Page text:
State of railways
In recent years, the Pakistan Railways has gained notoriety for being accident-prone due to inefficiency, mismanagement and favouritism in recruitment. Conditions have become so bad that a few days ago the association of train drivers has warned that their members will not drive trains because railway tracks have become dangerous to drive on for want of proper maintenance and also due to outdated technology. They have asked the government to work for the rehabilitation of tracks for the safety of passengers and line staff and pay proper attention to rolling stock.
The Supreme Court too has regularly been expressing its dissatisfaction with the affairs of the Pakistan Railways and asking the giant public-sector organisation to improve its functioning. On Thursday, Chief Justice Gulzar Ahmed emphatically asserted that the railways “is not being operated the way it should be”. Hearing a suo-motu case, the top judge said undoubtedly regulations and manuals according to which trains were to operate were being flouted resulting in frequent accidents and consequent loss of precious human lives. He said improvement in the functioning of the railways did not appear to be in sight. An annoyed chief justice said not only was the railway infrastructure in a state of neglect its employees too were unfit to operate the service. He emphasised the need for overhauling the secretariat-level positions in the railway department from top to bottom to ensure the organisation’s proper functioning.
Not long ago the Pakistan Railways hauled the major freight traffic. Not so any more. Railway official say they have lost most goods haulage because of a shortage of freight trains with the railways. According to the admission of the Railway Minister himself now only 2% of the freight traffic is with the Pakistan Railways. Once the railways was an inexpensive and comfortable mode of travel for middle-class people and a railway journey has its own adventure. Now the fear of accident is keeping people away from train journey.
A recent UN report has suggested that the number of AIDS infections and associated fatalities in Pakistan over the past decade has spiked, even as it declined in other regional countries. The UNAIDS report says that countries, such as Australia, Cambodia and Thailand have managed to lower AIDS-related fatalities by 29% since 2010. Pakistan, Afghanistan and the Philippines, though, saw fatalities rise during this period. Also of concern was the fact that more than a quarter of new infections was amongst young people between 15-24 years of age. Homosexual relations between men and a rise in drug use are among the leading causes. Another reason is the low coverage of the needle-syringe programme while opioid substitution therapy services are either not available or their coverage is 10% or lower. The report suggests that this period of rising cases coincides with a decline in political and programmatic commitment, alongside punitive laws and policies and rising stigma and discrimination that block effective AIDS response.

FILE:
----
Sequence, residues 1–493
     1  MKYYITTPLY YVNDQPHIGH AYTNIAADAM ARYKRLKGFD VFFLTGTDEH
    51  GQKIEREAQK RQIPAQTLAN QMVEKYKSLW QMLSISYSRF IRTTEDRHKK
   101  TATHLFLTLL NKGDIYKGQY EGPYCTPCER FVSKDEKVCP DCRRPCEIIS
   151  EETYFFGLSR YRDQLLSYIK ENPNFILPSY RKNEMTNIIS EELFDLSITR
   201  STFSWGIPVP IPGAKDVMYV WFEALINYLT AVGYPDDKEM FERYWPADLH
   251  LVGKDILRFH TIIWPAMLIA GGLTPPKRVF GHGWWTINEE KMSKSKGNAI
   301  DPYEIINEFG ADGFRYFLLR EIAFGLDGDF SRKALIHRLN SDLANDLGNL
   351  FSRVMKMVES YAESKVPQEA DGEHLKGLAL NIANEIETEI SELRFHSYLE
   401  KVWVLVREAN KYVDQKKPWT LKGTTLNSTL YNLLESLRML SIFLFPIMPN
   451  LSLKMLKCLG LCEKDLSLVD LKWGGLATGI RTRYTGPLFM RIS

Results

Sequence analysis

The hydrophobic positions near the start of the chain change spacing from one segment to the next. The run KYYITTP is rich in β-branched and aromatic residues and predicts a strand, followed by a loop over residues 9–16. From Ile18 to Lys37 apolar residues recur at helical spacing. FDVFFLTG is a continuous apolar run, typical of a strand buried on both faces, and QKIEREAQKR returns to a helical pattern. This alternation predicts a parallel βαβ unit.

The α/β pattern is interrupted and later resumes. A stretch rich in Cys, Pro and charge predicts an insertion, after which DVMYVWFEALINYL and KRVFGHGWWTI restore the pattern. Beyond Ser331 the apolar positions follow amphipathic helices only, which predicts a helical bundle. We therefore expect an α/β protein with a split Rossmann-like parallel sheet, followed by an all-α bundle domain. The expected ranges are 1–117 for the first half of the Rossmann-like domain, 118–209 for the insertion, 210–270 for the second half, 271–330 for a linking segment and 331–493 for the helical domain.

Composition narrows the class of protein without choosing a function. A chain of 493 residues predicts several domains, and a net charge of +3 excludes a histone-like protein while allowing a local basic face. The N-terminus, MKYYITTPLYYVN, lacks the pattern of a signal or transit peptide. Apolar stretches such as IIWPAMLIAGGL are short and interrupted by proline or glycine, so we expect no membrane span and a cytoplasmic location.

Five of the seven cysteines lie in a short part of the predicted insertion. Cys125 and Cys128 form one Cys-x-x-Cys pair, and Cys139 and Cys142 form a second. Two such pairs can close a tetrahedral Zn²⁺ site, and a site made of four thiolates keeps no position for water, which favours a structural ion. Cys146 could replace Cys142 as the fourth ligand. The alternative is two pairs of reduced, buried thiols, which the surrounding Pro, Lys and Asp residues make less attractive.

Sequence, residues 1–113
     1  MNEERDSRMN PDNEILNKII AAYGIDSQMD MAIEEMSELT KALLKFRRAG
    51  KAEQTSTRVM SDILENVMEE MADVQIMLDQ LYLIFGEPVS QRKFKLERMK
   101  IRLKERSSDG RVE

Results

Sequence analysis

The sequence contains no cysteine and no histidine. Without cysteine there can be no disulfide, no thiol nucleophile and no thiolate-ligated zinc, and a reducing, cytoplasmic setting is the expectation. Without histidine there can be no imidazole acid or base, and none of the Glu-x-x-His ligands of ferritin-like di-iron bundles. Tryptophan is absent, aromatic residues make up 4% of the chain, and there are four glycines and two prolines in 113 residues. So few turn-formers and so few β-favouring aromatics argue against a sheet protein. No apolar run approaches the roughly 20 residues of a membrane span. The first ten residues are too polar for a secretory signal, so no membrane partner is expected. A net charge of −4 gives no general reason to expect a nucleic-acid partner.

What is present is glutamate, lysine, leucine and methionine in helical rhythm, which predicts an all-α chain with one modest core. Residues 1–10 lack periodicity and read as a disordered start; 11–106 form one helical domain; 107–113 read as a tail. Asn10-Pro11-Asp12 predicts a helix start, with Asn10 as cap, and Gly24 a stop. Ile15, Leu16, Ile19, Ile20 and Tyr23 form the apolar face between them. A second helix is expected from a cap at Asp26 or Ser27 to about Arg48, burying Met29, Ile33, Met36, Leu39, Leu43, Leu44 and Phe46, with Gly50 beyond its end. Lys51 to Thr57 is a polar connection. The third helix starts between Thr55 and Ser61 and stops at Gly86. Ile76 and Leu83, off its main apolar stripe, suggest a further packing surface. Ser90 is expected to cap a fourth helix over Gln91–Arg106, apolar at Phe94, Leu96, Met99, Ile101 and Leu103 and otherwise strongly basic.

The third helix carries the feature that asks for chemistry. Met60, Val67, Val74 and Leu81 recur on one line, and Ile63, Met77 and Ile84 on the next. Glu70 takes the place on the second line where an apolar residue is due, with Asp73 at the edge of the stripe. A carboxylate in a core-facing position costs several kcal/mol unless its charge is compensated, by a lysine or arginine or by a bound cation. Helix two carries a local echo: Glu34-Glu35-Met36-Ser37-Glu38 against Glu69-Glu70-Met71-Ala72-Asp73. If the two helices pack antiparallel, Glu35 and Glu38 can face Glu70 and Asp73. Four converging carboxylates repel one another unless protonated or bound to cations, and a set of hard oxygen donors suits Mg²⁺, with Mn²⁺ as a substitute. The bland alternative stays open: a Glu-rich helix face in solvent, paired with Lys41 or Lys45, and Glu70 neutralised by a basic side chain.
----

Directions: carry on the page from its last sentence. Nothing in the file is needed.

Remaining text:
According to Parliamentary Secretary for Health Dr Nausheen Hamid, there are an estimated 183,000 AIDS patients in the country; and of them, 25, patients are registered and provided free treatment at 45 centres nationwide. She concedes that the stigma attached to AIDS means people prefer to conceal the disease and only seek testing and treatment when in critical condition. The impacts of stigma, poor practices of reusing medical equipment — whether in drug or clinical settings — along with certain social practices have already led to the outbreak in Larkana recently. Our AIDS programme was never a top priority but the emergence of several other health emergencies seem to have pushed this one to the backburner and would have collapsed without support from the civil society and donor organisations. Like some other diseases, the government needs to treat AIDS as a medical emergency and increase testing and treatment coverage.
India and UN’s rights report